HOME     MENU     SEARCH     NEWSLETTER    
NEWS & INFORMATION FOR TECHNOLOGY PURCHASERS. UPDATED 3 MINUTES AGO.
You are here: Home / Cloud Computing / VMware, Canonical Team on OpenStack
Barium Ferrite (BaFe):
Higher Capacity, Superior Performance, Longer Archival Life
www.thefutureoftape.com
VMware, Canonical Team on OpenStack
VMware, Canonical Team on OpenStack
By Jennifer LeClaire / NewsFactor Network Like this on Facebook Tweet this Link thison Linkedin Link this on Google Plus
PUBLISHED:
APRIL
17
2013



In a move to push OpenStack clouds, VMware has partnered with Canonical to help enterprises deploy various technologies, including VMware vSphere and Nicira NVP, with Canonical's OpenStack distribution.

This looks like a strategic deal for both companies -- and their customers. Canonical's Ubuntu Cloud Infrastructure is the most widely used OpenStack distribution. Through the VMware partnership, it will now include the plug-ins required to use OpenStack with vSphere and NVP.

For its part, Canonical is providing commercial support for OpenStack and will collaborate with VMware on issues related to vSphere or NVP running with OpenStack. VMware also reaffirmed its support of Ubuntu as a fully supported guest operating system on vSphere.

We asked Zeus Kerravala, an analyst at ZK Research, for his take on the partnership. He told us initiatives like the one between Canonical and VMware are important for the software-defined network community at large.

"The whole concept of having a plug-and-play world seems to be further out from where we are today," Kerravala said. "The initiatives that VMware are rolling out can help actually bring some realism and practical use cases to software defined networks."

Flexible Deployment

As part of the OpenStack "Grizzly" release on April 4, VMware contributed code to add vSphere support to the OpenStack Compute project, code-named Nova. These contributions were built on VMware's existing leadership in the OpenStack Networking project -- code-named Quantum -- which focused on Nicira NVP.

The agreement aims to give flexibility to deploy and reliably run OpenStack clouds with Ubuntu Cloud Infrastructure on VMware vSphere while receiving commercial support.

Joshua Goodman, vice president of product management for vSphere at VMware, put it this way: The partnership delivers customer choice by providing a platform for enterprises interested in using the open-source OpenStack cloud operating system.

"Canonical's Ubuntu technology is widely used by those deploying OpenStack," Goodman said, "and joint customers will be able leverage the familiar and proven capabilities of the vSphere infrastructure in which they've already invested."

Fully Certified

Canonical and VMware also plan to collaborate on software testing, deployment automation, customer support and reference designs. And VMware pointed out that its continued support of Ubuntu as a guest OS on vSphere makes it possible for customers to run production workloads at the highest virtual machine densities on the world's most battle-tested hypervisor platform.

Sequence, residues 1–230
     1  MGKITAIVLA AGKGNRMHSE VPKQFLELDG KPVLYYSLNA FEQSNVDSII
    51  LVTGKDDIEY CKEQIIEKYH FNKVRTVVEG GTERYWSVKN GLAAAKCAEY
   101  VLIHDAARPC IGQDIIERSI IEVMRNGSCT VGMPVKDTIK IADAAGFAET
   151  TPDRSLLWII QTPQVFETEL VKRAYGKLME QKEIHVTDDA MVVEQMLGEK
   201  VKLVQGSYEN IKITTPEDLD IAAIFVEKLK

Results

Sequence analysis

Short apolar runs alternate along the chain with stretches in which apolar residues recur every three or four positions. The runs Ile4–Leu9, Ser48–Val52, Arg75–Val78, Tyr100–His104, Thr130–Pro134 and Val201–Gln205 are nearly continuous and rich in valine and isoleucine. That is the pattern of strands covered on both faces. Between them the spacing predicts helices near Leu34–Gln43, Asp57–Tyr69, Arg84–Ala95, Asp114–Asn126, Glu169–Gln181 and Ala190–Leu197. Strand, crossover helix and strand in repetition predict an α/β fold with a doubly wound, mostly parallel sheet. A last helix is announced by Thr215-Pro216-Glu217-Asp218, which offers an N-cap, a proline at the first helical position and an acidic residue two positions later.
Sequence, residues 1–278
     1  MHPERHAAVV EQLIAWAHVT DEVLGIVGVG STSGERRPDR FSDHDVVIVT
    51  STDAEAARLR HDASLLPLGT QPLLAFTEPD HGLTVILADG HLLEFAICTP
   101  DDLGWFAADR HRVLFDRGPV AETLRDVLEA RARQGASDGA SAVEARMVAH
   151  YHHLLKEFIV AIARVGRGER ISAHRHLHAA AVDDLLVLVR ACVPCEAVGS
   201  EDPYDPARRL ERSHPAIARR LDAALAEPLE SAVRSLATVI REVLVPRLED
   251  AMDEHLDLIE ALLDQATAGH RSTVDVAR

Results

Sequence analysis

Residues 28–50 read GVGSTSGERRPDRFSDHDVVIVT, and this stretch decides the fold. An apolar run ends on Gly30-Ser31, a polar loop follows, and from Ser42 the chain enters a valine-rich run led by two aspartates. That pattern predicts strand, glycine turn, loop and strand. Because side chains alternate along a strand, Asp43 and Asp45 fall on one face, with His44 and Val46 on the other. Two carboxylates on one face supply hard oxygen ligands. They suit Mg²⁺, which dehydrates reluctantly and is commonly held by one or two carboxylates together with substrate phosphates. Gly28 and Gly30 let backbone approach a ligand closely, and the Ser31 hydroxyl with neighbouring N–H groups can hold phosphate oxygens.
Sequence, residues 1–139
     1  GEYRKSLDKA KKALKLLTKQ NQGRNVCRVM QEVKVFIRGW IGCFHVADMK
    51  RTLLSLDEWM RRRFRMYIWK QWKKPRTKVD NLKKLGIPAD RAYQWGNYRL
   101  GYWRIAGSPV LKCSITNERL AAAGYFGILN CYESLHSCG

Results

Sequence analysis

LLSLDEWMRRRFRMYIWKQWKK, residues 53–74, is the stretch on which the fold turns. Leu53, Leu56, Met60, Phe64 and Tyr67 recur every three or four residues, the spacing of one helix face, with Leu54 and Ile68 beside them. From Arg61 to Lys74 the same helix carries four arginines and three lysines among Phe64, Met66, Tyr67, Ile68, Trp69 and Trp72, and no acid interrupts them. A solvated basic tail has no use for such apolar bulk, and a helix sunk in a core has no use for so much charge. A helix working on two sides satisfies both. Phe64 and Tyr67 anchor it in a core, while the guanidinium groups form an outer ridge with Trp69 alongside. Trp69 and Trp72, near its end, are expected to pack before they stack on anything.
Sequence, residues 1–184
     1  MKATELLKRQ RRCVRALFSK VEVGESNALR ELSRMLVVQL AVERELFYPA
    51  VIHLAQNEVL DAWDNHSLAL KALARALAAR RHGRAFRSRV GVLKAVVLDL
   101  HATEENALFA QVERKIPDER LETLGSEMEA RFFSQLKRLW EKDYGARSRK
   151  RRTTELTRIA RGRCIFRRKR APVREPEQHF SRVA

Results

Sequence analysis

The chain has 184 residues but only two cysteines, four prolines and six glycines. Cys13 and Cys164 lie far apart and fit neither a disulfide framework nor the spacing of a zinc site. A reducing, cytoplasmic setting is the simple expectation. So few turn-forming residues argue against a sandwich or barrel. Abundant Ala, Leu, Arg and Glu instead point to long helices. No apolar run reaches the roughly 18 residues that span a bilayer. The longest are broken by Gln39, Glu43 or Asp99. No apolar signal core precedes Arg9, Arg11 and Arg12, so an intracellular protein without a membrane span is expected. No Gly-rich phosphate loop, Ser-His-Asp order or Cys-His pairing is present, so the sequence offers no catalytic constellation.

"Customers in both enterprise and carrier markets are eager to deploy OpenStack in conjunction with their existing VMware vSphere infrastructure," said Chris Kenyon, senior vice president, sales and business development at Canonical. "This joint offering will be a fully supported and certified solution for OpenStack cloud infrastructure that uses VMware hypervisors for compute, combining existing vSphere real estate with Ubuntu's category-leading OpenStack distribution."

Tell Us What You Think
Comment:

Name:

Like Us on FacebookFollow Us on Twitter
TOP STORIES NOW
MAY INTEREST YOU
Barium Ferrite Is The Future Of Tape: Barium Ferrite (BaFe) offers greater capacity, superior performance, and longer archival life compared to legacy metal particle (MP) tape. Click here to learn more.
MORE IN CLOUD COMPUTING
Product Information and Resources for Technology You Can Use To Boost Your Business

NETWORK SECURITY SPOTLIGHT
Using Internet-connected devices without strong passwords is inherently risky, as illustrated by reports that a Russian Web site is showing live footage from thousands of people's webcams.

ENTERPRISE HARDWARE SPOTLIGHT
Doctor Who had K-9, the robot dog that accompanied him on adventures through space. Now, Mountain View has K5, a 5-foot-tall, 300-pound robot security guard patrolling in the Bay Area.

MOBILE TECHNOLOGY SPOTLIGHT
To better its customer service, Comcast is pulling out at least some of the stops. The cable giant has launched an app so you can track the cable guy in real time. It's designed to ease customer frustration.

© Copyright 2014 NewsFactor Network, Inc. All rights reserved. Member of Accuserve Ad Network.